After a long and drawn out battle, a state judge in Miami-Dade County lifted a temporary ban on same-sex marriage, making it the first county in Florida to allow gay couples to wed. Florida is the third largest state in the US, with a population of approximately 19.9 million people, and is "one of the country's most sought-after destinations for gay men and lesbians." Now that same-sex marriage is legal in Florida, a more conservative state, increasingly more gay people can travel to the Sunshine State for wedding ceremonies. With Florida emerging more liberal on the matter of same-sex marriage, the question is raised whether more states in the Deep South will follow in Florida's footsteps.
Back in August 2014, Judge Hinkle ruled as part of a federal lawsuit that the state's ban on same-sex marriage was unconstitutional. Judge Hinkle then gave the attorney general a substantial amount of time to file an appeal, which temporarily suspended the judge's decision. Nonetheless, the attorney general's attempts to extend the deadline failed, allowing for same-sex marriage licenses to be issued beginning at midnight on Tuesday, January 6, 2015. However, Miami-Dade County Circuit Judge Sarah Zabel did not feel the need to wait until the statewide ban expired and presided over the state's first legal same-sex marriage on Monday afternoon.
As Florida becomes the thirty-sixth state to recognize same-sex marriage, it is apparent that much has changed since the 1970s when Anita Bryant launched her national campaign against gay rights. The drastic change in Florida's view on gay marriage may have been met with resistance from conservatives further north in the state, but could potentially spark change across much of the Deep South. Former Florida Governor Jeb Bush has been a long-time opponent of gay marriage, but made statements regarding the legalization of same-sex marriage by urging supporters and opponents alike that "we have to respect the law." He made no mention or insinuation of challenging the ruling. In fact, his comments seemed to tacitly approve same-sex marriage, or at the very least, to tolerate it. However, with this tacit approval comes the blatant disapproval of same-sex marriage in certain counties within Florida. Duval County stated that they would no longer hold ceremonial courthouse weddings, as they feel marriage should be between a man and a woman, with the Clerk of Courts stating that it would go against his beliefs to perform a ceremony that is not between a man and a woman.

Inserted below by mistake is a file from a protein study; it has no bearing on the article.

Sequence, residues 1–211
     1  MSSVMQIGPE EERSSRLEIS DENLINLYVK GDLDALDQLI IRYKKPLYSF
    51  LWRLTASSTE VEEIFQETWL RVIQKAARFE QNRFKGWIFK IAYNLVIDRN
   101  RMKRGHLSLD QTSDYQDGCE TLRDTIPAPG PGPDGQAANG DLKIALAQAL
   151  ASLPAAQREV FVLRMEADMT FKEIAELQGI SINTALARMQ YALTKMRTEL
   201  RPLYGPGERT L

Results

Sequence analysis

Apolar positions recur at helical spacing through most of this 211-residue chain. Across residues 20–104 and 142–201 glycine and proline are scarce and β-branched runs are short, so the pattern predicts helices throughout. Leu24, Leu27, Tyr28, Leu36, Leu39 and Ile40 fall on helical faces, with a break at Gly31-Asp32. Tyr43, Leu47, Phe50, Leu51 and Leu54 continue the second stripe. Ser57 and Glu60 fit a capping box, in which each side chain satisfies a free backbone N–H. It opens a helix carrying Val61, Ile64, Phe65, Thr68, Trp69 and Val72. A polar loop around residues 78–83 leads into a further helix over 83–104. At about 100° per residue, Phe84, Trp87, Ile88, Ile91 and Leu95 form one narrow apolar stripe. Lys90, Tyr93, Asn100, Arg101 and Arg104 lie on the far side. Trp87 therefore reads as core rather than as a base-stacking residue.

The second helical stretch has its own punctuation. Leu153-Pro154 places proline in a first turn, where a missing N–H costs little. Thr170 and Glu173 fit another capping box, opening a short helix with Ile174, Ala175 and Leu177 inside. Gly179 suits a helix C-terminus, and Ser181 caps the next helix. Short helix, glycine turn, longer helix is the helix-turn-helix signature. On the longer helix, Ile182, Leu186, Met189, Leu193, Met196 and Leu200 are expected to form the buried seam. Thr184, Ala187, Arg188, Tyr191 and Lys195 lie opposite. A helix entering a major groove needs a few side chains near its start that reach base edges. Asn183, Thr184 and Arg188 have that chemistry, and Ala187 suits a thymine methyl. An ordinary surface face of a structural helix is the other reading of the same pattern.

The argument against support of same-sex marriage stems from a "not ready" viewpoint where gay marriage should not be pushed on states in the Deep South as they just are not ready for this type of change. But that argument may be lacking muster by the day, as Alabama's same-sex marriage ban was struck down by a federal judge just weeks after Florida's acceptance of gay marriage. A federal appeals court judge also ruled against delaying the overturning of Alabama's gay marriage bans. In a case where a same-sex couple was seeking recognition of their out-of-state same-sex marriage, US District Judge Callie V.S. Granade stated that Alabama's 2006 "Sanctity of Marriage Amendment" violated both the due process and equal protection clauses of the Fourteenth Amendment. Judge Granade explained that Alabama's prohibition undermined its goal of promoting "optimal environments for children" as it discriminated against children being raised by same-sex parents and those being raised by opposite-sex parents. After Judge Granade's ruling, Alabama Attorney General Luther Strange asked the US Court of Appeals for the Eleventh Circuit to extend a stay on Judge Granade's decisions so that he would be able to appeal the decision. The Eleventh Circuit denied that request, allowing for gay couples to marry after the stay expired.
The Attorney General of Alabama filed a motion asking the judge to put the decision on hold until the US Supreme Court has made a ruling. After the Windsor decision, the Supreme Court continued to deny appeals to hear seven same-sex marriage cases in five states. After the Supreme Court's denial, "seventy percent of Americans now live in states where same-sex couples can legally wed." Finally, the US Supreme Court agreed to hear four new cases on same-sex marriage dealing specifically with the power of states to ban same-sex marriage and to refuse to recognize same-sex marriages performed in other states. As arguments against same-sex marriage continue to fail even rational basis scrutiny, it has become harder and harder for courts to uphold marriage bans. As more and more same-sex couples adopt and raise children, courts have to deal with not only the rights of same-sex couples, but the rights of their children as well. And when children are involved, the best interests of the children are at the forefront of the courts' decisions.